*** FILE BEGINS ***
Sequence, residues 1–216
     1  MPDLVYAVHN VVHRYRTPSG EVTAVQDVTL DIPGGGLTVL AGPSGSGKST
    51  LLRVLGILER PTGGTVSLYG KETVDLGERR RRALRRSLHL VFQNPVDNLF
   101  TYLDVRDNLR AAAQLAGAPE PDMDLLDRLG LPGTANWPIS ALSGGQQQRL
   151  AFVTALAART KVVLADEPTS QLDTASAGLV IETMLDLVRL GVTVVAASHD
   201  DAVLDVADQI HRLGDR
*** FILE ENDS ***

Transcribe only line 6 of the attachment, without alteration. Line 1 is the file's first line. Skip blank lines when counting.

   201  DAVLDVADQI HRLGDR